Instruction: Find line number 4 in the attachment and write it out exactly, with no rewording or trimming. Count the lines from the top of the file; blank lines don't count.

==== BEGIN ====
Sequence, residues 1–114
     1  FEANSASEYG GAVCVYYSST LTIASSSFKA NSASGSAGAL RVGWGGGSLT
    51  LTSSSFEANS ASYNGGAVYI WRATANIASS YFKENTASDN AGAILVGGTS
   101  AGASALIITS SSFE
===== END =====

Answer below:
   101  AGASALIITS SSFE